AIRCRAFT JUDGING UPDATES AND REMINDERS Claude Gray, CHIEF JUDGE, Antique/Classic Division With the availability of plans for homebuilt aircraft such as the CUBy and other full size aircraft the Antique/Classic Division would like to inform the mem­ bership of the following section of our judging rules. This section pertains to the replica category. Our rules read that a replica is a full size reproduction of any aircraft covered in the age bracket that qualifies as an Antique or Classic. This being any aircraft built up through 1955. This applies only to homebuilt replicas, not factory built aircraft. With this in mind the CUBy and others of this type are invited to be a part of the Antique/Classic Division activities and judging at Oshkosh and other EAA Fly­ Ins . Also in regard to the above judging rules, only full scale reproductions are considered as replicas in our Di­ VISIOn .

We wish to extend a warm welcome to all builders! owners of replica aircraft as described above , to join the Antique/Classic Division of EAA, if not already on our membership rolls. 4



The following is quoted verbatim from FAA's Gen­ eral Aviation News for NovemberlDecember 1980. "Bar­ gain parts have proved to be no bargain for owners of vintage aircraft who have problems obtaining replace­ ment components for their early model aircraft that are FAA approved. Recently unapproved wing lift strut forks of clearly inferior workmanship were discovered on Piper model 12 and 14 aircraft when these vital parts were removed for a routine inspection. Advertisements for hard-to-get parts at low prices appear frequently in aviation publications. Pilots who want guidelines for standards of aircraft components should send for a free Advisory Circular, 20-62C, Eligibility, Quality, and Identification of Approved Aeronautical Replacement Parts." Address DOT Publications Section, M-443 .1, Washington, D.C. 20590.

MUSEUM NEEDS The following items are needed to carryon the pro­ grams of the EAA Air Museum Foundation. If you can help, please contact EAA Headquarters, telephone 4141 425-4860. Donations to the Museum are tax deductible. • Planer (wood) • Wing fittings for Curtiss JN4D • Miscellaneous aviation mechanic hand tools • Tools for V-1650 Merlin engines • Complete engine or parts , Merlin V-1650 • Semi-tractor, double or single axle • Modern NAV/COM radios for B-25 and Lockheed 12 aircraft • Hydraulic Mule • Hydraulic Maintenance Stands • 28 volt rectifier - 100 amp • Lawn mower blade balancer • Caterpillar or crawler tractor with front end load­ er • Engine rebuilding stand for automotive engines • Wright Cyclone R-1300-1A engine for the Mu­ seum's North American T-28A • Sewing machine with zig-zag attachment for flag repair, etc., at Oshkosh • 3 Propeller hubs, 30 spline #5406-AL, and 6 blades #3792X - 8' 9". These are Hamilton Standard ground adjustable props for P & W R-985 engines for the Ford Trimotor.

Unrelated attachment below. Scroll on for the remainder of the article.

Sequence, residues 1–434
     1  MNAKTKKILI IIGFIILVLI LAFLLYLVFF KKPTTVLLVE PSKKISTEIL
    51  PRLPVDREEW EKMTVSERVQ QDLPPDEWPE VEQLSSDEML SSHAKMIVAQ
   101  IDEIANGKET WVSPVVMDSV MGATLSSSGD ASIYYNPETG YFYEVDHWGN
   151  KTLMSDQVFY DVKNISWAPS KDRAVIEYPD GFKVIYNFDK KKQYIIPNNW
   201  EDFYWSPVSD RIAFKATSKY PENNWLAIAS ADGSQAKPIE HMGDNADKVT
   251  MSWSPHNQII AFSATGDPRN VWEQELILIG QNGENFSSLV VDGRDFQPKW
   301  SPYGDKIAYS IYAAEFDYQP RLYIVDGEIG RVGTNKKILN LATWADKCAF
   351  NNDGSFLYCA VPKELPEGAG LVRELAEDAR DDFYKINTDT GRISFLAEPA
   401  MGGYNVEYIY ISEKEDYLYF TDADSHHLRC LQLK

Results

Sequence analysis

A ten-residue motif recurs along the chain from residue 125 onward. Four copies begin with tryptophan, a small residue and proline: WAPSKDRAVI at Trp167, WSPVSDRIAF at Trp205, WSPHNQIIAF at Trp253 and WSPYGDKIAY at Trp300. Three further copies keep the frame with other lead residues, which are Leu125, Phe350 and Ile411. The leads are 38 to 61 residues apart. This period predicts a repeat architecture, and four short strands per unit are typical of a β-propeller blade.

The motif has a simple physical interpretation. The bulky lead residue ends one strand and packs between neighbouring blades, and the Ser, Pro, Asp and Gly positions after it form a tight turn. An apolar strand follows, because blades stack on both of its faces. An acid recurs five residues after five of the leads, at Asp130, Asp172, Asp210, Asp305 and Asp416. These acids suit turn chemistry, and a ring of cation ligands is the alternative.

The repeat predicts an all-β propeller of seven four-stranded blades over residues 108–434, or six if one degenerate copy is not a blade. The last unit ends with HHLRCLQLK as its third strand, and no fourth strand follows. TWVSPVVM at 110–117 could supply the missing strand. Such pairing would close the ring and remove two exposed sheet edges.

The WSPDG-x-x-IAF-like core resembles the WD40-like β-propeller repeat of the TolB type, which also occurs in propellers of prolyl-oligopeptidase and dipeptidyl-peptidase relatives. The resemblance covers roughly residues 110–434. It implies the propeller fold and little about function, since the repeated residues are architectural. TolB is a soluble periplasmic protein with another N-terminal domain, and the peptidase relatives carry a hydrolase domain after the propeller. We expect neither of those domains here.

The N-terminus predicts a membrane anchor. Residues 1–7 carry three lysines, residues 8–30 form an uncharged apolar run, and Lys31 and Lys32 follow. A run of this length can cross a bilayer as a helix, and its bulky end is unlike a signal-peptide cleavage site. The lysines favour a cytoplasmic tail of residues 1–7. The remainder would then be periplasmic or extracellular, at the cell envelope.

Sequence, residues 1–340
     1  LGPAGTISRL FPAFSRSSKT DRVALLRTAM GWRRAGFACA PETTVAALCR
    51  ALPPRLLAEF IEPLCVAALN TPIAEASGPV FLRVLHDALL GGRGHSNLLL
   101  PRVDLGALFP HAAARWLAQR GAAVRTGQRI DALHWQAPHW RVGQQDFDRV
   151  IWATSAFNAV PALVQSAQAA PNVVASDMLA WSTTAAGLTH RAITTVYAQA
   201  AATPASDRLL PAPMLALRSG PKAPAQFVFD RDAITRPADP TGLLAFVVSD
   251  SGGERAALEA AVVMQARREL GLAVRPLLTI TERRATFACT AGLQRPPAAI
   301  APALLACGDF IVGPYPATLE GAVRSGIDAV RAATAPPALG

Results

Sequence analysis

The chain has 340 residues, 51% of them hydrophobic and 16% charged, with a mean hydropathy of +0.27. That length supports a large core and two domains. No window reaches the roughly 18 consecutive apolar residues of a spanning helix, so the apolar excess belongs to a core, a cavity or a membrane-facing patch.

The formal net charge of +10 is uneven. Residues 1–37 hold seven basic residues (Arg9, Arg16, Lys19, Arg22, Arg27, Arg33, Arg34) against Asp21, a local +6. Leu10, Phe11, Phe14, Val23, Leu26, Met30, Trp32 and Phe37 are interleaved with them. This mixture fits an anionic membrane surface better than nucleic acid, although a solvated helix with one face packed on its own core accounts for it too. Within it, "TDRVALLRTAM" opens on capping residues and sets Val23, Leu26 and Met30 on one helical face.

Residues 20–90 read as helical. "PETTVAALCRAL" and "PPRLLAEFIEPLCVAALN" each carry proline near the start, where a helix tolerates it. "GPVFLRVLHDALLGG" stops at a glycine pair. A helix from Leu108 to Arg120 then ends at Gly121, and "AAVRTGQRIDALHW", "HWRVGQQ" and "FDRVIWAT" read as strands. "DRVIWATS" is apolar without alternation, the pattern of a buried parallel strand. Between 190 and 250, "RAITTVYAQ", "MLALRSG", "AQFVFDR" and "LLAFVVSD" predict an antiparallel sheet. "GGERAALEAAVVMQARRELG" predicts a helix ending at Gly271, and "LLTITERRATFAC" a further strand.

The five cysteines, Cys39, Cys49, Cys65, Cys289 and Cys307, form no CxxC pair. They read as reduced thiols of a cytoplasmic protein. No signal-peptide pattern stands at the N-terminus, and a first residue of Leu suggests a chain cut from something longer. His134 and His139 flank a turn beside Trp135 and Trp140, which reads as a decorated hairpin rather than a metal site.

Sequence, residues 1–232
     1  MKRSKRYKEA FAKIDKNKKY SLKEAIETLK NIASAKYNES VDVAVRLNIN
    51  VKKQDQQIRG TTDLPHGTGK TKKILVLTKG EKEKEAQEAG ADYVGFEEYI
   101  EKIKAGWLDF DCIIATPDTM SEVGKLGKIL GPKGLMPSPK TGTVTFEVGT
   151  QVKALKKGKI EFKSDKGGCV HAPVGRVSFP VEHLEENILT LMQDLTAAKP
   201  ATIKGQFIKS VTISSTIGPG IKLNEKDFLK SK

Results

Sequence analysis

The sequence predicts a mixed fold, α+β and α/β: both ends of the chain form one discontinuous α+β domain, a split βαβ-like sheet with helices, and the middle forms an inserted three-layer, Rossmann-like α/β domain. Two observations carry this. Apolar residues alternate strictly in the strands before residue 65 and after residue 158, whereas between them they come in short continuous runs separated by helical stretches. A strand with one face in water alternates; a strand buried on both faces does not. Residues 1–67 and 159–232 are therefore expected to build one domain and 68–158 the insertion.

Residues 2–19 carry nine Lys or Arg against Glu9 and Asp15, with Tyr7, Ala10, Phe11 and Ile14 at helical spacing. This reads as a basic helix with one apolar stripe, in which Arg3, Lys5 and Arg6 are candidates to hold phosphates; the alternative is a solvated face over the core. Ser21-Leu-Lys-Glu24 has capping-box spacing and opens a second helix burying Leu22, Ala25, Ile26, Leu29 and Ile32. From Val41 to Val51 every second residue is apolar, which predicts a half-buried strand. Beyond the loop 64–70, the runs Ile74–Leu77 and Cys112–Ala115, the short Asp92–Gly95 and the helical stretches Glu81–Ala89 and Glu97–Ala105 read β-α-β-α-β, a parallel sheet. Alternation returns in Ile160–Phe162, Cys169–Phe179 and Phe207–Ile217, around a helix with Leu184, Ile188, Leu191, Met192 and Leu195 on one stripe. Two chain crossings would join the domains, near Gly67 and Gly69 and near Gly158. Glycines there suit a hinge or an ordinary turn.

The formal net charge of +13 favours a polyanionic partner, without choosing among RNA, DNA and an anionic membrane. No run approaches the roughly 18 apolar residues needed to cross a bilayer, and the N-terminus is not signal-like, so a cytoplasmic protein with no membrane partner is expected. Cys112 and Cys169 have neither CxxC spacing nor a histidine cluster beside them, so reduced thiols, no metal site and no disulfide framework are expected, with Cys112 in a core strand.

This ad requires repetitive inspections of the push rods, Part Number 73806, for loose ball ends, bulging, splitting, proper length and proper tappet clearance. This results from findings of damaged push rods that have led to eventual failure of the rods, resulting in rough engine operation and power loss.

DEFECTIVE PROPELLERS The FAA is asking pilots, owners, mechanics and re­ pair stations to provide information on defective propel­ lers in an effort to develop data for possible design im­ provements. Forms for reporting any prop blade failure will be available at the GADO's.

PIPER WING STRUT FORK Wag-Aero, 1216 North Road , Lyons, WI 53148 has completed and obtained FAA approval for a new heavy­ duty, permanently identified , high-tensile-strength strut fork for Pipers, according to Dick Wagner! Wag-Aero president. These wing strut forks are currently production units and feature an improved alloy and stronger design. Rolled threads and a permanent identification mark provide assurance of conformity and easier field installa­ tion and inspection. The forks are FAA-PMA approved and conform 80­ 22-15.

LUSCOMBE DOOR HANDLES This tech tip comes from the January/February 1981 issue of the Continental Luscombe Association newslet­ ter. For tbose of you who may be looking for inside door handles and bezels for your Luscombe, look no further .. I am a Ford mechanic, and one day when I was work­ ing on the door of a 1977 Ford Courier, I looked very closely at the door handle. It looked so much like the Luscombe, that I ordered a set and the bezels. The square hole in the handle is exactly the same as the shaft in the door of the Luscombe, but the hole for the pin is just a bit smaller, but a few quick strokes on each side with a small rat-tail file lets the pin go through very nicely. I'm enclosing the stock numbers for your convenience ... Right Handle - D27Z1022600-A Left Handle - D27Z10226201-A Bezel - D87Z1022620-F. Ira Stone (EAA 86734) 1013 Del Vale Avenue Modesto, CA 95351



The National Aeronautics Association has awarded the 1980 Wright Brothers Memorial Trophy to Mrs. Olive Ann Beech in recognition of her leadership in the development of aviation and aeronautics .